You can plant grass seed any time but it is correct that early fall is the best time, right around Labor Day for most temperate areas … so do it again then.

This should be done in Fall.

Doing so now can encourage weed germination and sidetrack your overall grass-over-weeds campaign.

If you look around, there are pre-emergents that can be used with certain types of grass seed, but getting seed going now is a compromise.


No sense letting the weeds grow all summer without competition. Plant your grass when the yellow flowers are dropping (that’s the indication that the soil is staying warm enough overnight for the seeds to do well), then do it again in the fall.

Spot treat weeds with something like Weed-B-Gon or use one of the hose-end sprayers if you have a really bad infestation. Best thing I’ve found for dandelions is the Fiskars Uproot Weed Remover.

Don’t know how thin your lawn is. Seeding can be done here - Chicago area - spring or fall. In fact, my preference is spring, when I’ve personally had better success. There are windows in the spring and fall that you should try to hit. Check with any garden center (or on-line I expect) to figure out yours. I’d probably aim at doing it between mid-April and mid-May. In the fall, probably early October.

My approach for filling in patches is to rake the patch hard with a dirt (not leaf) rake, so that you clear out any thatch and make furrows in the dirt. If the soil works nicely enough ad I don’t care to put in the effort, I may just rake some seed into that soil. But optimally, I would spread <1" of topsoil on the area. Then spread seed onto the topsoil, and work it in by raking lightly such that only 1/4-1/3 of the seed is visible. Some folk advise using the back of the rake.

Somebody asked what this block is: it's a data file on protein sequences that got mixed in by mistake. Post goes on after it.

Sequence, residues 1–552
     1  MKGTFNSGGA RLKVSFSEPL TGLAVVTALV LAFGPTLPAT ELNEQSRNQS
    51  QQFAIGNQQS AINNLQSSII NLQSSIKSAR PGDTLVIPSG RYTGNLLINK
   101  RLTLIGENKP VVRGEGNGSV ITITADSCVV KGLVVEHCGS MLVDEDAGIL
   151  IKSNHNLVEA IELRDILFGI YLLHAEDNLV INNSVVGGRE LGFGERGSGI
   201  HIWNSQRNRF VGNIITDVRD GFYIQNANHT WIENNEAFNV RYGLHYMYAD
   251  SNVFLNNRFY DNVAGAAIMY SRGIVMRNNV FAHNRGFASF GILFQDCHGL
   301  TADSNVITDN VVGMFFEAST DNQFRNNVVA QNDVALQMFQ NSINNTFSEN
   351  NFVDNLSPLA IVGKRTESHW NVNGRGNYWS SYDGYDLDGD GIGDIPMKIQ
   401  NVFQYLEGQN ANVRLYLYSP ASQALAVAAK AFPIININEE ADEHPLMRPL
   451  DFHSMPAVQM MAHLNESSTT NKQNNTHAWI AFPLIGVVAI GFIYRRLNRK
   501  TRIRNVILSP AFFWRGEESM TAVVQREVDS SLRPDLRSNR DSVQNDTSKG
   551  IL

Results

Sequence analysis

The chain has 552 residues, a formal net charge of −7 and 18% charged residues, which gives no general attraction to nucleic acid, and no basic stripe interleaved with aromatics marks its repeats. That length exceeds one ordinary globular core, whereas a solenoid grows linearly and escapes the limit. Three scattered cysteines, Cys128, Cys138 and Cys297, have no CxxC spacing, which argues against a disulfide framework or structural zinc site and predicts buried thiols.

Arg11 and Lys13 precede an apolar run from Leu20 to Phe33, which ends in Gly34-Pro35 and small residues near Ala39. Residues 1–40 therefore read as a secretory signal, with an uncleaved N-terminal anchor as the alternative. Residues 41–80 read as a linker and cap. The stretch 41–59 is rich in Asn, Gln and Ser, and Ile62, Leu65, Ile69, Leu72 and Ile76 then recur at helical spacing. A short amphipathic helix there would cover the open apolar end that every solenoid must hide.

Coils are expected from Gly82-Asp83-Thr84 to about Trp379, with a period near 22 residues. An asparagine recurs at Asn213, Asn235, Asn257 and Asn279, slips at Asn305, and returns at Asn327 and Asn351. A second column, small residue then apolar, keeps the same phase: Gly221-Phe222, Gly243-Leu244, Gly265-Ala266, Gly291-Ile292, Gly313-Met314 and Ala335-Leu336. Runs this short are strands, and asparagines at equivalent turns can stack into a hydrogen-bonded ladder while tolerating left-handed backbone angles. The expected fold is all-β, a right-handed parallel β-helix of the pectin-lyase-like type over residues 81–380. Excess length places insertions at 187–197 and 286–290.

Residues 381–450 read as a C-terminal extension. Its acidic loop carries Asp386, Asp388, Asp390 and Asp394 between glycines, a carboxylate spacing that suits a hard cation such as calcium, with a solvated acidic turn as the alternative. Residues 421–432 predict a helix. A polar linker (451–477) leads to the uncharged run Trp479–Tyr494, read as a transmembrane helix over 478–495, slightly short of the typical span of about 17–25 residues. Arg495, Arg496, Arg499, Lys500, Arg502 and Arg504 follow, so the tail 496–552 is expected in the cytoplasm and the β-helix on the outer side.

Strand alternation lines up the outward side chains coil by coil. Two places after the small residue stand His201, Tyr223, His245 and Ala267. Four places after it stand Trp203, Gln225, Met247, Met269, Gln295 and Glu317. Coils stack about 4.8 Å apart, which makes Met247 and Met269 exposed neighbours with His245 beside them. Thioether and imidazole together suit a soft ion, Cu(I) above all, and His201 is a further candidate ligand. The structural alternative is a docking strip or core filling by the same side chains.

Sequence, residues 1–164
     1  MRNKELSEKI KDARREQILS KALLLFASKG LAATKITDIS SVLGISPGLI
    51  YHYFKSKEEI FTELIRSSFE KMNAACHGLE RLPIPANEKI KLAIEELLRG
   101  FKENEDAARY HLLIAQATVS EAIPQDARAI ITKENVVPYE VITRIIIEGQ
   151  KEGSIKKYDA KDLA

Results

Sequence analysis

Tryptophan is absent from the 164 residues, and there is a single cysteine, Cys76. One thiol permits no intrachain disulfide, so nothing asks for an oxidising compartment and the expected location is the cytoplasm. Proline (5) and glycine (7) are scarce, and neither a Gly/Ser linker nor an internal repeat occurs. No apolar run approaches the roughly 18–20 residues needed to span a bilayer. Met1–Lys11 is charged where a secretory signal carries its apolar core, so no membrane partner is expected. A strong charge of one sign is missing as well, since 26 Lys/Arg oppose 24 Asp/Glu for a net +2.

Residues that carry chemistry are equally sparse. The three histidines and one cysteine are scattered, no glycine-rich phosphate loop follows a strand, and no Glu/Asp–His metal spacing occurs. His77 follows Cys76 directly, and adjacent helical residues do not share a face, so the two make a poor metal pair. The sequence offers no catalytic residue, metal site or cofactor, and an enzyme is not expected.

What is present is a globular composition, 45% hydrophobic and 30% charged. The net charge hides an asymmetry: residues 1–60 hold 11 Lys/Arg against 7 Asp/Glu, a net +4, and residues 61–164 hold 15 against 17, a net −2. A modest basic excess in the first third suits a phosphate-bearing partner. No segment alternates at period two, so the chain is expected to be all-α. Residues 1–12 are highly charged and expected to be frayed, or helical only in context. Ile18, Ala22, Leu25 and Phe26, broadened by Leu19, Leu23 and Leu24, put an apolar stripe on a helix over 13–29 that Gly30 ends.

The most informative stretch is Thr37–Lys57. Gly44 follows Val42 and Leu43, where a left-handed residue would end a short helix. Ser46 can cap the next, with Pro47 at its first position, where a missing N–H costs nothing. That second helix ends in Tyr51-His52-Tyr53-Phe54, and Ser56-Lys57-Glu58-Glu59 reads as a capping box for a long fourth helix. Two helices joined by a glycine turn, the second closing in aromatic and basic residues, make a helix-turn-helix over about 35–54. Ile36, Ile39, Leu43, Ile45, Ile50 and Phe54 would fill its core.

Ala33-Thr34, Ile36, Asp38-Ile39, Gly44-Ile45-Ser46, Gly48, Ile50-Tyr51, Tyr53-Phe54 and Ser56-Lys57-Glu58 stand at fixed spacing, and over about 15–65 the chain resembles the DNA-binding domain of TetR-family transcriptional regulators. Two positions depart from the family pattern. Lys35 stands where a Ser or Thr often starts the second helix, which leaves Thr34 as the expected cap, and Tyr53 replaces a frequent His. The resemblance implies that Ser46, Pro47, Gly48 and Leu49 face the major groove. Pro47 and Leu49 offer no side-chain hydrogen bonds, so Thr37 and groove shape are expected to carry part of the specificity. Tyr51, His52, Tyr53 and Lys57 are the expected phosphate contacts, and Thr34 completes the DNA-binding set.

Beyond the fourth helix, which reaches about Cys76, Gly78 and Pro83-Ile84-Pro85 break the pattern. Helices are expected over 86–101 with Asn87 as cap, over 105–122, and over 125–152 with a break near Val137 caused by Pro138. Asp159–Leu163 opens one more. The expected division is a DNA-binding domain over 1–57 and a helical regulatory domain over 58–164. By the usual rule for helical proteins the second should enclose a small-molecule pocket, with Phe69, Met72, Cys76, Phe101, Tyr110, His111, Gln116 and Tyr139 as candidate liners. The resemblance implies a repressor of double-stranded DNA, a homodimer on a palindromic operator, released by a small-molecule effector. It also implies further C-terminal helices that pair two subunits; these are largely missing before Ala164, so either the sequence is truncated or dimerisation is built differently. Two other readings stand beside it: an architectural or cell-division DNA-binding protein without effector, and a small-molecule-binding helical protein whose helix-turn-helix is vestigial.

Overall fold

Buy good quality grass seed for the conditions you have (sun, part shade, heavy traffic…) Make sure it is from this year, and check the contents. I suggest buying in bulk from a reputable garden center, rather than a prepackaged bag/box. It might seem more expensive per pound, but you can buy exactly the amount you want, and different types if you have sunny and shady areas.

IME, the most important step is to water it regularly. The seed needs to be moist to germinate, and the young grass needs to be wet regularly to survive. Before germination, I’ll often water morning and evening - not a lot, just keeping the soil moist. After germination a single hot/dry day can be enough to kill young grass. So for the first couple of weeks make sure that you water it at least once a day if it doesn’t rain. By the time you give it its first mow, it needs far less water.

Also, be very careful of any weedkillers or fertilizers you put down before or while seeding. Definitely don’t put down a pre-emergent weedkiller.

I don’t know what Leafgro is, but I often get a kick out of seeing folk use that bluegreen mulch stuff. Way too often, they neglect to water it, and the stuff hardens into something resembling paper-mache.

I’ve never overseeded an entire lawn. If I were going to do so, I’d do what I’ve seen golf courses do, and mix seed with sand/dirt, and spread a thin layer of that mixture. Any existing grass can grow through the thin layer of soil, but the soil will protect the seed. Of course, golf courses have equipment, materials, and labor that exceed what is likely available to a homeowner.